Friday, 26 November 2021

A Long Time Ago in a Land Far, Far Away

It's okay, relax, I'm not getting into Star Wars, this post's subject matter is purely historical. In fact it's more personal than that, it's a little piece of my own history.

The other day I was sorting through boxes and came across two 54mm (1/32) figures that I had made in the late 80s/early 90s. I've moved countries and houses several times in the intervening years so I thought they had long disappeared and was delighted to rediscover them. They have a bit of a story behind them.

I was living in London at the time and wasn't doing any miniature gaming. I had two very young children and what little hobby time I had was taken up painting the odd, one-off 54mm or larger scale figure. Any gaming time I could squeeze in was confined to hex and counter games.

I had developed a fairly big interest in the Victorian colonial period and was drawn to painting figures of British soldiers fighting in obscure campaigns in far flung parts of the globe. Much inspiration came, as it often does, from Osprey books. In particular I had a handful that covered the British Army on campaign during the 19th century and they were chock full of lovely ideas. 

A couple of images in particular had grabbed my attention. One was an officer from the 72nd Highlanders during the Second Anglo-Afghan War. I particularly liked the the contrast between his decorative tartan trousers and the more muted khaki jacket and helmet cover. It was like a nod to the future with an acknowledgement of the past.

I was also drawn to the worn look of this private from the 2nd Foot in South Africa in 1851 who certainly appears like he's been on campaign for some time.

I decided to have a go at making them by converting Airfix 54mm (1/32) multipose plastic figures. I had a box of their US Marines with several unused figures and decided they could work well as the basis for the conversions.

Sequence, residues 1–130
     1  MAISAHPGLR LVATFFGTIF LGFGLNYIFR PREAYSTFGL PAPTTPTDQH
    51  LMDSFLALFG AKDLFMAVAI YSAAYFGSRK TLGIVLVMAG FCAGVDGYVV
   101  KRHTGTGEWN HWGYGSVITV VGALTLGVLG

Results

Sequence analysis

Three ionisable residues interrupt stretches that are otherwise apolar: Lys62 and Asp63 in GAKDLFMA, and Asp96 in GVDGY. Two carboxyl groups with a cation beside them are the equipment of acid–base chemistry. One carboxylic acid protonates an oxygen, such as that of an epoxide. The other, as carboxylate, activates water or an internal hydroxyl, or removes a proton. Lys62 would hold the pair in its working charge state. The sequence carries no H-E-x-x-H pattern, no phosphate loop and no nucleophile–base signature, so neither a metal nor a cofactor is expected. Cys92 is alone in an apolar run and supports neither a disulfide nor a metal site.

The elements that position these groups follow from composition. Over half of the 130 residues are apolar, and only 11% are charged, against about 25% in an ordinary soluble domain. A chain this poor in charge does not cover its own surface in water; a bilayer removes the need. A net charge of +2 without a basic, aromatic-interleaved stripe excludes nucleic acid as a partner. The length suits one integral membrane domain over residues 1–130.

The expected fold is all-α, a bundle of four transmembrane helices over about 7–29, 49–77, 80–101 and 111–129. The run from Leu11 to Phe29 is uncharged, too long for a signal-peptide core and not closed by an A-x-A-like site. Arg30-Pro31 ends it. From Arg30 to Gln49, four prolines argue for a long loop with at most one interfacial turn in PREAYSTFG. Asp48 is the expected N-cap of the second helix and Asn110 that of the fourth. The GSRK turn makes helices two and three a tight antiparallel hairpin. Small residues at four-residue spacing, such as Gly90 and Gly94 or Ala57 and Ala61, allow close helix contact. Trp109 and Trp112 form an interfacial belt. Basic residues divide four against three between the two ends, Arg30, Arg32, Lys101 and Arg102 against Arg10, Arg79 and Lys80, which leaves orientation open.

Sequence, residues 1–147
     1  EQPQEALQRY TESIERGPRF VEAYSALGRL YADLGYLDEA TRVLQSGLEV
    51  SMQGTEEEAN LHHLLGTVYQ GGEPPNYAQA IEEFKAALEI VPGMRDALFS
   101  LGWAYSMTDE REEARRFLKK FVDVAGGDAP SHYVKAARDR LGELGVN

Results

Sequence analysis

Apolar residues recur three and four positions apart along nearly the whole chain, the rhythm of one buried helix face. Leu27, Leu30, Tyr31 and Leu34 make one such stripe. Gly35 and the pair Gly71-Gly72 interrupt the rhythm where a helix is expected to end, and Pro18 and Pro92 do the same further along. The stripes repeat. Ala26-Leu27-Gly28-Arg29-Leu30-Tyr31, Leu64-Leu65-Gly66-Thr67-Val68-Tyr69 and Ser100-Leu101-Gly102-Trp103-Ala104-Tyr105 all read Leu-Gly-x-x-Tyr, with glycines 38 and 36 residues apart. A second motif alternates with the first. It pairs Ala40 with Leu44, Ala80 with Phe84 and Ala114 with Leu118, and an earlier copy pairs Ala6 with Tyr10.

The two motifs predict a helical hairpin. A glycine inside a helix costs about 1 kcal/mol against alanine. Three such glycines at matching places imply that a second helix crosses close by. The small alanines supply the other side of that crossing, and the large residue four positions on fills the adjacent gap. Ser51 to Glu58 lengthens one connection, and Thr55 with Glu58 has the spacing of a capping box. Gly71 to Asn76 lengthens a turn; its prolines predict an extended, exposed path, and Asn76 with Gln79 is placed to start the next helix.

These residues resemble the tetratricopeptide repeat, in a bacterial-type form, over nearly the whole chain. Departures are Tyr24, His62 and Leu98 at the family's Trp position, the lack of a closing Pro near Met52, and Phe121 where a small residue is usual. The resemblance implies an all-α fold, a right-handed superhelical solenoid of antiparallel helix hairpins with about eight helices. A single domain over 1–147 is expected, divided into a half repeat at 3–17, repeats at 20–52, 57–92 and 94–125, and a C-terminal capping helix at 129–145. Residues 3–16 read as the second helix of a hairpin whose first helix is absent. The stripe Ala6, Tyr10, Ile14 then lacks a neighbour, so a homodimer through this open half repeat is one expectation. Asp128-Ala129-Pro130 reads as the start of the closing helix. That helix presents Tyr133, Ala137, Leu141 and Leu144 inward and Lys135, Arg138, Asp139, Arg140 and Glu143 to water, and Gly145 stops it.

They are not an obvious choice but I had them to hand and could see the potential. I remember these figures when they first came out in the early 70s and had made up many when I was at school. They were a lovely set at the time, that allowed for a lot of creativity.

I also drew on another Airfix figure for some of the period accoutrements. Not sure the Brown Bess is exactly right for 1851, but it was the closest thing I had and a Browning Automatic Rifle certainly wasn't going to do the trick.

Needless to say, I don't have any work in progress images. Well, back then who would have imagined a cordless phone that could slip into your back pocket with a built in camera and an instant connection to the internet? Sorry, to the interwhat?

Considering they've been badly stored in a shoebox for a few decades the two figures were in reasonably good shape. They had been based originally on small wooden plinths but I've no idea when they became separated from those and where they could be now. I dusted the figures down as best I could and touched up the odd bit of chipped paint. I've mounted them on a few spare bases left over from a gaming project.